Why the Elders Talk, a Guest Post by Thomas O. Mills

By Thomas O. Mills, May 2012
Author of:  The Book of Truth

You have to ask yourself why any Native American Elder would want to talk to us. What good have we ever done for him? What is this deep-seated understanding that he has inside that makes him want to share his knowledge with the people who have taken all the best from him and the land he loves?

His Ancestors had free, clean water in every stream, free housing for every family, free education for every child, free food for every meal, and no fences, bills, pollution, taxes, boundaries, countries, or money. John Lennon dreamed about this kind of life; he wrote a song called Imagine, and many of my elderly Hopi friends still imagine that the world could be this way. They miss, very badly, those old days of peace and tranquility, but that is not the reason the Elders talk.

The Elders see what drugs and alcohol have done to their sons, daughters, and grandchildren. They know that the food we eat, the way we treat our livestock, oceans, air, insects, and fields is not correct and causes many health problems for everyone. They know that government-controlled tribal councils were created to provide a link between the government and the Native Tribes, to steal their culture, land, coal, oil, and water, and then claim that the tribe wanted it that way. They know all these things, but that is not the reason why the Elders talk.

The Elders know that today is our day of plenty. Grocery stores are full of food from all around the world, plenty of electricity and natural gas to heat and cool our homes and business, plenty of land to buy and sell, and plenty of credit to do all of these things, but that is not the reason why the Elders talk.

The Elders were told that a majority of all the people, from all four races, will never understand what they are trying to communicate. They are looking for just a handful of listeners, to hear and help them, but for some reason the majority of the people they talk to have an obstruction in their ears and the words of the Elders do not enter their brains; they just bounce around the room like the sound of a beating drum.

They use hand gestures, lines in the sand, carvings on rocks, paintings, and ceremonies to convey their message but very few pay any attention to them nowadays. Non-Indians try to put words in the Elders mouths and young people of their own tribe even make fun of the elders and call them names, laugh, and imitate their gestures, after they go through the white man’s public school system. But still the Elders talk.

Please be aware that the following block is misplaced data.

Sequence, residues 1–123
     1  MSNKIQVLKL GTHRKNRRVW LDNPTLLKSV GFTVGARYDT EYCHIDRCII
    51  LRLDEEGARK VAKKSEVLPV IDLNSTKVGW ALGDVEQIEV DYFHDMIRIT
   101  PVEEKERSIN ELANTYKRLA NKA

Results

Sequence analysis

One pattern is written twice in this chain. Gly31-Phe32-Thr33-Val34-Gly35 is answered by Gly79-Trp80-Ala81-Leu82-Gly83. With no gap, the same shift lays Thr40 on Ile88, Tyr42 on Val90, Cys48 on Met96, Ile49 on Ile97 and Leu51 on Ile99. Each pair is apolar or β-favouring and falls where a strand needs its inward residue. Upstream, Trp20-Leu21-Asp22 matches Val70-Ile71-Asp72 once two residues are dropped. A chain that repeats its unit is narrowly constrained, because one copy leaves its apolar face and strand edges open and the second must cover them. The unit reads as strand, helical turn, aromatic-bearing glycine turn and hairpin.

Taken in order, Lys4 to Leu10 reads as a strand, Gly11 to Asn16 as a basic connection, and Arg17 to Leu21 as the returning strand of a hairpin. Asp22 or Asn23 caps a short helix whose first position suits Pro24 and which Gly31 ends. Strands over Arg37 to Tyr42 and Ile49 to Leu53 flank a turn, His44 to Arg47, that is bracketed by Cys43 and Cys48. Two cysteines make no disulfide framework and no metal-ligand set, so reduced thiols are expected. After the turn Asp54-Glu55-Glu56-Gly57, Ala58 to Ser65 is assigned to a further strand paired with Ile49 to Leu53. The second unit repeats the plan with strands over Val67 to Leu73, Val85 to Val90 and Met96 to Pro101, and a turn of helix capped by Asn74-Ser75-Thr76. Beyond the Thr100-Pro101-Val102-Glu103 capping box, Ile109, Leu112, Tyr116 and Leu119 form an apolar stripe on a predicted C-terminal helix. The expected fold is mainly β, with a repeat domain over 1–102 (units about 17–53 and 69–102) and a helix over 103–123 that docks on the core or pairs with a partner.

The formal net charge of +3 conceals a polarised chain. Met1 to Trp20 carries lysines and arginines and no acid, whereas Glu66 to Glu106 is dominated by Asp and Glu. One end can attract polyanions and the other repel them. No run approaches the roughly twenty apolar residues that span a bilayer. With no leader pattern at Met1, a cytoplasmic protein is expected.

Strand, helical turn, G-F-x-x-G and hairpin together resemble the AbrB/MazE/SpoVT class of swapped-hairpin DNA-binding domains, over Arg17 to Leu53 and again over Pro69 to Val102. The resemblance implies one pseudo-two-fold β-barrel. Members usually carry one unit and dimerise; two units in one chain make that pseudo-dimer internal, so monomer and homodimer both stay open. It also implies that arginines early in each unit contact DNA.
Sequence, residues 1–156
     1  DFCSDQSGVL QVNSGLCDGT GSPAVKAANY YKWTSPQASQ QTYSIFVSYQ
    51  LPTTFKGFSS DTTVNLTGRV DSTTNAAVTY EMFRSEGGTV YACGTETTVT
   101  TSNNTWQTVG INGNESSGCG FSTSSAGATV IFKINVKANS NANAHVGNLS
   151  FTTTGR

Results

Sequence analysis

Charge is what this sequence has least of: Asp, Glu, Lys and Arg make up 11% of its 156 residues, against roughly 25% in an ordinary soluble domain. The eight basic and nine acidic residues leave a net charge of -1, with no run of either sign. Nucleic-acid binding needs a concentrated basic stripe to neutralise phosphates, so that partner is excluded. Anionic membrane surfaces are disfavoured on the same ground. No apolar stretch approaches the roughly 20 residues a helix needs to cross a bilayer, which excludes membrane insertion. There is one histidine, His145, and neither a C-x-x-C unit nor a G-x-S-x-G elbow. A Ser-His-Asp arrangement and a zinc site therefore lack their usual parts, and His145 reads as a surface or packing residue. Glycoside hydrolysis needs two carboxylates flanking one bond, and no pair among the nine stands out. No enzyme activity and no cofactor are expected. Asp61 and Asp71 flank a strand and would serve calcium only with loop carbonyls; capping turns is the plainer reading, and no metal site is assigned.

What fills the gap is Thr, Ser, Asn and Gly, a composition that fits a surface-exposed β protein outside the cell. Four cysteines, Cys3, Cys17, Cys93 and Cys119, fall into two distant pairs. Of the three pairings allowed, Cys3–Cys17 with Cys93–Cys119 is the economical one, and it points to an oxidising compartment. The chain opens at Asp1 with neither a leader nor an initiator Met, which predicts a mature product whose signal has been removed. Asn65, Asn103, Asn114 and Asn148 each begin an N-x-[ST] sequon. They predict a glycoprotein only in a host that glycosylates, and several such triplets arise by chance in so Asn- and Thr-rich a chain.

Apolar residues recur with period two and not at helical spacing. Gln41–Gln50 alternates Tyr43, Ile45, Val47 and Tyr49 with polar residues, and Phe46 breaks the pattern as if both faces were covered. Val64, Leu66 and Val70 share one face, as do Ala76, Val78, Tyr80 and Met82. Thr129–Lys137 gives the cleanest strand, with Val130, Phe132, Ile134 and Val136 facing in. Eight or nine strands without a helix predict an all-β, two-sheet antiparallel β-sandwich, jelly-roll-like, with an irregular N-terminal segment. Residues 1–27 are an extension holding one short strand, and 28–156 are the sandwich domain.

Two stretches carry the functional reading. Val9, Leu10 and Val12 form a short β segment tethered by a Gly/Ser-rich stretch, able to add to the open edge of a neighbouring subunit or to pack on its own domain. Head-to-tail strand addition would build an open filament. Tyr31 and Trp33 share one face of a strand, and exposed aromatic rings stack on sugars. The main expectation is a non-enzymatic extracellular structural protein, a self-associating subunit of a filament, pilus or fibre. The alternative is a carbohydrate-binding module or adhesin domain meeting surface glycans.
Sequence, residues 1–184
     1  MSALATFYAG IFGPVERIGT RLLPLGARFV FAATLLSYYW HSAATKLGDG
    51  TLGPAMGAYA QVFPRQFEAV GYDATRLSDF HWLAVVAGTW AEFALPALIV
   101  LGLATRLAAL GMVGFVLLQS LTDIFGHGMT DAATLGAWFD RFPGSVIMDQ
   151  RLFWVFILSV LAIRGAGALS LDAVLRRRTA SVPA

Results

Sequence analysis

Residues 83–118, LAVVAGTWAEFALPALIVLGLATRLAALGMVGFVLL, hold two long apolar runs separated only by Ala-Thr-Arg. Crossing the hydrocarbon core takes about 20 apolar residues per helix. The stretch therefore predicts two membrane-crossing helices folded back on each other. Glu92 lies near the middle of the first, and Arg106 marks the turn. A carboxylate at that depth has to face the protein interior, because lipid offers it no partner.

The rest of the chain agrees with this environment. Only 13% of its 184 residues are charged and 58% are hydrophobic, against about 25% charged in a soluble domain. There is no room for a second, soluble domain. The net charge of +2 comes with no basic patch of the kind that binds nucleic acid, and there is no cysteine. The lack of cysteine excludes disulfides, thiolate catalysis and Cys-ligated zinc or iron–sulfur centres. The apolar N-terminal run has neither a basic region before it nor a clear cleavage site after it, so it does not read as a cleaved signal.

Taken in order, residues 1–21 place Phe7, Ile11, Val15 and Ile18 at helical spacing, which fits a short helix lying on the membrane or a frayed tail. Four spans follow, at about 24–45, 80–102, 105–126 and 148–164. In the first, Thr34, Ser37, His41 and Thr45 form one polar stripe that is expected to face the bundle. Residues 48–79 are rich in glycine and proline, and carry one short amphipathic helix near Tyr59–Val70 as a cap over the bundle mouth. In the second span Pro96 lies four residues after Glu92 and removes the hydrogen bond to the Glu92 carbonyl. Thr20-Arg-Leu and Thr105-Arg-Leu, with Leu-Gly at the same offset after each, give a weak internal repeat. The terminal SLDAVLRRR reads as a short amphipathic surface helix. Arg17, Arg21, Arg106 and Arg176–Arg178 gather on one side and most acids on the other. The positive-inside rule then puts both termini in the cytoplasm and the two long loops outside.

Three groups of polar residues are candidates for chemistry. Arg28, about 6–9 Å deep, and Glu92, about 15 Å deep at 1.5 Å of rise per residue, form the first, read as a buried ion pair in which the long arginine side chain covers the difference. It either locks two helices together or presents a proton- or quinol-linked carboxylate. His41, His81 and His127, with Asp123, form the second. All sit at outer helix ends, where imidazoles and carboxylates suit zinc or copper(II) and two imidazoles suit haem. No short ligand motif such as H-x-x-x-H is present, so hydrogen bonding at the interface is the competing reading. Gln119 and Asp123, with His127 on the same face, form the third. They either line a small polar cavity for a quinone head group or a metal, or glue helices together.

The Elders I knew learned from their elders the prophecies passed down from their elders, all the way back to the Guardian Spirit (Kachina) known as Massaw’u, who gave the Hopi permission to occupy this land after a great flood. He told them what signs to look for in the future to tell when this world event might happen again. Massaw’u was the original prophet. The Elders alive today do not clam to be prophets or try to foretell things as if by some divine inspiration. They are just repeating what was told to them in the past by their fathers and grandfathers exactly the way it was told to them.

Massaw’u instructed the Hopi to repeat his stories to future generations and he also told them that it would be a very hard job for them to accomplish, as very few people would listen to his prophecies in times of plenty. This was their job, and that is why the Elders talk to us today. They do not claim to be prophets, they do not claim to be psychic or have any magical powers. We put those titles on them because they talk about future events and those events are coming true today, just the way Massaw’u told them they would.

A Mayan Tablet

A group of traditional Hopi Elders decided in 1948 that Massaw’u’s message was not being heard fast enough. They elected four members to represent the tribe, giving each a sacred prayer feather in the hope that their words would be taken seriously. This was a huge step for these peaceful people as no tribe member wanted to be singled out by using his own name in public. This was completely contrary to the Hopi way of life, living modestly in all ways at all times. After this point, many books were written with the help of the Elders: The Hopi Indians, 1956; Red Man, White Man, 1958; The Book of the Hopi, 1963; Truth of a Hopi, 1967; Me and Mine, 1969; The Hopi People, 1971; and Pages From Hopi History, 1974. Continue reading